Oral Health Group
Feature

Saving Face: Mask Form, Fit and Function

September 20, 2016
by Leann Keefer, RDH, MSM


One of the critical choices made before treating each and every patient is choosing your protective face mask. While the mask construct is straight forward with layers of tissue and filtering materials suspended by elastic loops … the question of protection goes far beyond a simple physical barrier. Considerations of the treatment being delivered in terms of aerosol, spray, and splatter as well as length of procedural time are integral to the level of fluid resistance and filtration required. Finally, ponder the difference between the shape of your face and that of a mask – how well do they fit and function together?

It has been well documented that the most likely mode of disease transmission in dentistry is though inhalation of aerosols which contain a myriad of potentially infectious microorganisms. The results from a 1985 study done on the incidence of respiratory disease in dental hygienists indicate a 60 percent higher incidence of cold symptoms than a similar professional group without dental patient contact. 1 Studies have shown the ultrasonic scaler produces the greatest amount of airborne contamination, followed by the air polisher and air-water syringe. 2 The most contaminated area of the dental clinician’s face during treatment is around the nose
and inner corner of the eyes. 3

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Chris Miller, MS, PhD, Professor Emeritus of Oral Microbiology at Indiana University School of Dentistry states that in accordance with CDC guidelines, the mask must be changed with every patient because its outer surface becomes contaminated with droplets from aerosols, sprays and splatter. Also, when a mask becomes wet from moist exhaled air, wicking occurs which results in increased resistance to airflow through the mask allowing more unfiltered air to pass through any gaps around the periphery of the mask. 4 Clinicians should replace damp, wet, or soiled masks to maintain high filterability. Changing the mask every 20 minutes in a wet environment and every 60 minutes in a non-aerosol environment as well as between patients is recommended. 5

Because people come with different size faces and facial contours, selecting a mask designed to prevent gapping along the sides and under the chin is critical. For maximum protection, masks should fit snugly around the entire periphery of the face. Compared to standard design earloop masks, data from the Aerosol Mechanics Laboratory at Stony Brook University demonstrated three times greater protection for masks with Crosstex SECURE FIT® technology which incorporates aluminum strips above the nose and under the chin. The second strip below the chin eliminates gapping while lifting the mask slightly off the face for increased breathability and reduced wicking.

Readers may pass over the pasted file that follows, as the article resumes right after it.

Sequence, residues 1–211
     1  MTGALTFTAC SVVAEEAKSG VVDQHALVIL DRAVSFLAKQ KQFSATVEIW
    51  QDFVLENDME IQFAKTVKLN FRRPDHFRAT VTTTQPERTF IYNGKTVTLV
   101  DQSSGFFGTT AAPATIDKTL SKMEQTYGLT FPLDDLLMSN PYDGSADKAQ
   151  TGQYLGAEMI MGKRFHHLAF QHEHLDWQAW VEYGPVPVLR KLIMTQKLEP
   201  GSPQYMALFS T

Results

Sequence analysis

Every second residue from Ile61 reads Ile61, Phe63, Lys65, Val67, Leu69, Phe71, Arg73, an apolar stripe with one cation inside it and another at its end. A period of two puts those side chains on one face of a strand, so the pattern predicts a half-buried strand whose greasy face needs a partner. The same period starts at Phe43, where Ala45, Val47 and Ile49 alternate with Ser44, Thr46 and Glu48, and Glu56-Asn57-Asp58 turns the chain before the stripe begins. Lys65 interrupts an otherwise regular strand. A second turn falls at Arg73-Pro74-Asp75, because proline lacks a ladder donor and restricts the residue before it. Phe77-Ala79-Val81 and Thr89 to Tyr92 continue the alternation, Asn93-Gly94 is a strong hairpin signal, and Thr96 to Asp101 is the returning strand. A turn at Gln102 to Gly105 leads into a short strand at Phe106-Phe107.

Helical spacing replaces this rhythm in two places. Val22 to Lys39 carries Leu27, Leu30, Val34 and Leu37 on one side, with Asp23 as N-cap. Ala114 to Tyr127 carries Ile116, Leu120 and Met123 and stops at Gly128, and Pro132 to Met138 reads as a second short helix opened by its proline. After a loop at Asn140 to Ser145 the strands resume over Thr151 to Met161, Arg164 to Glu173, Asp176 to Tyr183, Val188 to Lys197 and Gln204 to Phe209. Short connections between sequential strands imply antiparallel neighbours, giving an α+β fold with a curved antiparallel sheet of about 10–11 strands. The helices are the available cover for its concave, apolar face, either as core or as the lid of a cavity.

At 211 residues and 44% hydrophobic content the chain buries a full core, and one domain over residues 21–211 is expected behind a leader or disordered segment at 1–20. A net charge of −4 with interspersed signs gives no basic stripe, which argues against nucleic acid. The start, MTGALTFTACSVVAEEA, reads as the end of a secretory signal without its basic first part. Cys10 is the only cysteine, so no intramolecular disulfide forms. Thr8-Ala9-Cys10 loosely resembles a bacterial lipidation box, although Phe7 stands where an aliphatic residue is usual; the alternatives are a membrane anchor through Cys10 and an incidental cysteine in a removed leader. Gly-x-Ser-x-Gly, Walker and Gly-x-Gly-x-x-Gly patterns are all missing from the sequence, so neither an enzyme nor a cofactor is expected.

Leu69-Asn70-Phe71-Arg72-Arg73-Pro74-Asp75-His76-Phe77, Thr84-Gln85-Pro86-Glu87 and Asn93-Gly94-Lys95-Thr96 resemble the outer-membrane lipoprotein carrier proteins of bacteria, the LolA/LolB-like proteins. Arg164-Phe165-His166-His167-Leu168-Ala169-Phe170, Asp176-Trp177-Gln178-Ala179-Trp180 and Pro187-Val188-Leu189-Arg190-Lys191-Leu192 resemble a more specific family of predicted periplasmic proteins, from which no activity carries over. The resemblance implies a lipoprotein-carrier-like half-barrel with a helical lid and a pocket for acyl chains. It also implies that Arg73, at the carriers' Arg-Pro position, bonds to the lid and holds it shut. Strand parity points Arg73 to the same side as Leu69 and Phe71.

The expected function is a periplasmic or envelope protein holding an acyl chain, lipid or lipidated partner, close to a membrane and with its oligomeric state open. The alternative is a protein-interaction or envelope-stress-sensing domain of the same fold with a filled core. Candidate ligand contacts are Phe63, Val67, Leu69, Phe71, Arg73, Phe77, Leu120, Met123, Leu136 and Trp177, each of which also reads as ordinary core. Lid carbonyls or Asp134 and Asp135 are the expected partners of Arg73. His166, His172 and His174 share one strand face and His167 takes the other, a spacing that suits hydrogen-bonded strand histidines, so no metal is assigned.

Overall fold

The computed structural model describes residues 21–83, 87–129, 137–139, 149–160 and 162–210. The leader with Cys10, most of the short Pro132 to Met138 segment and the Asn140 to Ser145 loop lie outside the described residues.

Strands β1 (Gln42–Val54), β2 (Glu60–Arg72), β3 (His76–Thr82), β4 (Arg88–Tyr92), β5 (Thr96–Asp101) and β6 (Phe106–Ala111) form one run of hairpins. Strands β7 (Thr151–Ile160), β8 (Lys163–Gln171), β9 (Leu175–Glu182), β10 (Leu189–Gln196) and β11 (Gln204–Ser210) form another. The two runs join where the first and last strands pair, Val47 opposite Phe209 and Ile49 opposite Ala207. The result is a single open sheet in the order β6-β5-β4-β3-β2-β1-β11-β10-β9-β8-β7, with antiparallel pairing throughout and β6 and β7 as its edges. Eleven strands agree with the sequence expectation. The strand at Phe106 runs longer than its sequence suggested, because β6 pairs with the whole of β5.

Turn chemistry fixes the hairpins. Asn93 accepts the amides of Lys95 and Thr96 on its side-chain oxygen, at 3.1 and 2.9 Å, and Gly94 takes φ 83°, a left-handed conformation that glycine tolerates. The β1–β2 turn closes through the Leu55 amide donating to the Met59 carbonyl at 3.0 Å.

Contamination of the skin and clothing of the health care professional during removal of personal protective equipment contributes to the dispersal of microbes and serves as a potential source for disease transmission. One investigation reported skin or clothing contamination occurring 46 percent of the time during removal of PPE which highlights the importance of proper doffing techniques. 6

Best practice for sequence of doffing PPE begins by removing gloves, then goggles/loupes, followed by the gown, and finally removal of the mask; an easy way to remember the sequence is by alphabetical order! To safely remove a mask with ear loops, insert clean index fingers into the loops near the earlobes gently lifting the loops up and off of the ears while moving the mask away from the face; properly dispose of the mask immediately and follow with appropriate hand hygiene.

The mouth is an ideal incubator; the oral microbiome is comprised of over 600 prevalent species of microorganisms. Based on average human respiration rate of 16 breaths per minute, we have 7,680 potential exposures in an eight hour workday. So the question remains, are you wearing the best mask for the task?

References:
1. Rosen S, Schmakel D, Schoener M. Incidence of respiratory disease in dental hygienists and dietitians. Clin Prevent Dent. 1985; 7: 24-25.
2. Harrel, S, Molinari J. Aerosols and splatter in dentistry: a brief review of the literature and infection control implications. JADA 2004;135:429-437
3. Nejatidanesh et al. Risk of contamination of different areas of dentist’s face during dental practices. Int J Prev Med 2013 May;4(5): 611-615
4. Miller, C.(2014). Infection Control and Management of Hazardous Materials for the Dental Team.5th edition. St. Louis, Missouri: Elsevier
5. Jorgenson G, Palenik C. Selection and use of personal protective equipment. The Dental Assistant 2004; 73;16-19
6. Myreen et al. Contamination of Health Care Personnel During Removal of Personal Protective Equipment. JAMA Intern Med. 2015;175(12):1904-1910.doi


Leann Keefer, RDH, MSM
In her role as Director of Education for Crosstex International, Ms. Keefer works to advance Crosstex’s thought leadership among influential dental care professionals. She proactively identifies trends in the fields of oral care and infection prevention, developing and implementing the corporation’s long-term strategies relating to education and professional relationships.